As many Americans are moving toward being independent and away from the Democratic and Republican political parties, some are wondering, "Am I a libertarian?" and "What is a libertarian?" Libertarianism is growing dramatically in America and many are latching on to the label due to its popularity. With that growth in popularity comes many myths and misunderstandings as to what it means to be a libertarian. And what's with the capitalization seen with the 'L' in libertarian and sometimes it is not?
One does not have to belong to the Libertarian Party to be a libertarian, though it is good way to keep abreast of what is happening in libertarian circles. If you are a member of the Libertarian Party, then you would describe yourself with the capital 'L'. If not a party member than you could use the small 'L' to note you believe in the philosophy of libertarianism, however choose not to be a member of a libertarian organization.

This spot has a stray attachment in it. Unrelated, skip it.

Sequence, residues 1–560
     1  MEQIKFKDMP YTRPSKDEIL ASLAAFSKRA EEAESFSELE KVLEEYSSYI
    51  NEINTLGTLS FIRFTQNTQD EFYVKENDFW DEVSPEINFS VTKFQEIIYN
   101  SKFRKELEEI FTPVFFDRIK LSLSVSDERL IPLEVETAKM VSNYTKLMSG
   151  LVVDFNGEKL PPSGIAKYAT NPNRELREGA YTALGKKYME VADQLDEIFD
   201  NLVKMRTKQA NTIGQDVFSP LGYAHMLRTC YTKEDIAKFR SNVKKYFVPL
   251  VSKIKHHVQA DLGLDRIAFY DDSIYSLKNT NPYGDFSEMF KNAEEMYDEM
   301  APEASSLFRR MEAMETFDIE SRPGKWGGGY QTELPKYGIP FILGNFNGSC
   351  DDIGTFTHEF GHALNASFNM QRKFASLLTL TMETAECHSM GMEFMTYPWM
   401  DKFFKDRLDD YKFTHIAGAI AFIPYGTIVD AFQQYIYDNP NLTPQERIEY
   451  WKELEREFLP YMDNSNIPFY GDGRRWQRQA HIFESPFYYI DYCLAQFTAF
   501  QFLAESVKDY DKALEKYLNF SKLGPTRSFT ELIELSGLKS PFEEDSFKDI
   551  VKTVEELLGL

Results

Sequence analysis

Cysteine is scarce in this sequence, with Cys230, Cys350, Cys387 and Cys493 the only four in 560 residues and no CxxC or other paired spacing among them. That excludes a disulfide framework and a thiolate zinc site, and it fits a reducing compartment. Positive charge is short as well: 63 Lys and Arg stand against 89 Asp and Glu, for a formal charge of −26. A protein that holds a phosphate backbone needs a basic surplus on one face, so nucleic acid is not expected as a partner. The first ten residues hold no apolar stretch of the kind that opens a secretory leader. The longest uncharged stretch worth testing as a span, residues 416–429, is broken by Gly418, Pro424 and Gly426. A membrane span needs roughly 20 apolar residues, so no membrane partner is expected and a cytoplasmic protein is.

Who is a libertarian?
There are a growing number of popular libertarians including Neil Peart from the band Rush, Angelina Jolie, actor Kurt Russell, Jennifer Aniston, rapper Big Boi, Trey Parker and Matt Stone of South Park fame, Vince Vaughn, Kurt Loder, Drew Carey, John Malkovich to name just a few. Then there are many more celebrities who may not identify themselves as libertarians, however speak as if they are libertarian when being interviewed such as Wesley Snipes, Denis Leary, Alice Cooper, Tom Selleck among many others.
Am I a libertarian?
One way to find out if you are a libertarian is to take the non-partisan 'Worlds Smallest Political Quiz'. A libertarian is someone that believes in maximizing personal freedom and is willing to absorb the responsibility that goes with that freedom.
Just like in the worlds of liberals and conservatives, libertarians have a wide spectrum of beliefs when it comes to the practicalities in today's political world. For instance Neil Peart now calls himself a "bleeding heart libertarian" and illusionist Penn Jillette calls himself "a hardcore libertarian" as he wants everything legal. Like me, Jillette also refers to himself as an "anarcho-capitalist."
Libertarians believe in a small form of government which acts to defend its citizens.The Libertarian Party platform states, in part, "The only proper role of government in the economic realm is to protect property rights, adjudicate disputes, and provide a legal framework in which voluntary trade is protected. All efforts by government to redistribute wealth, or to control or manage trade, are improper in a free society."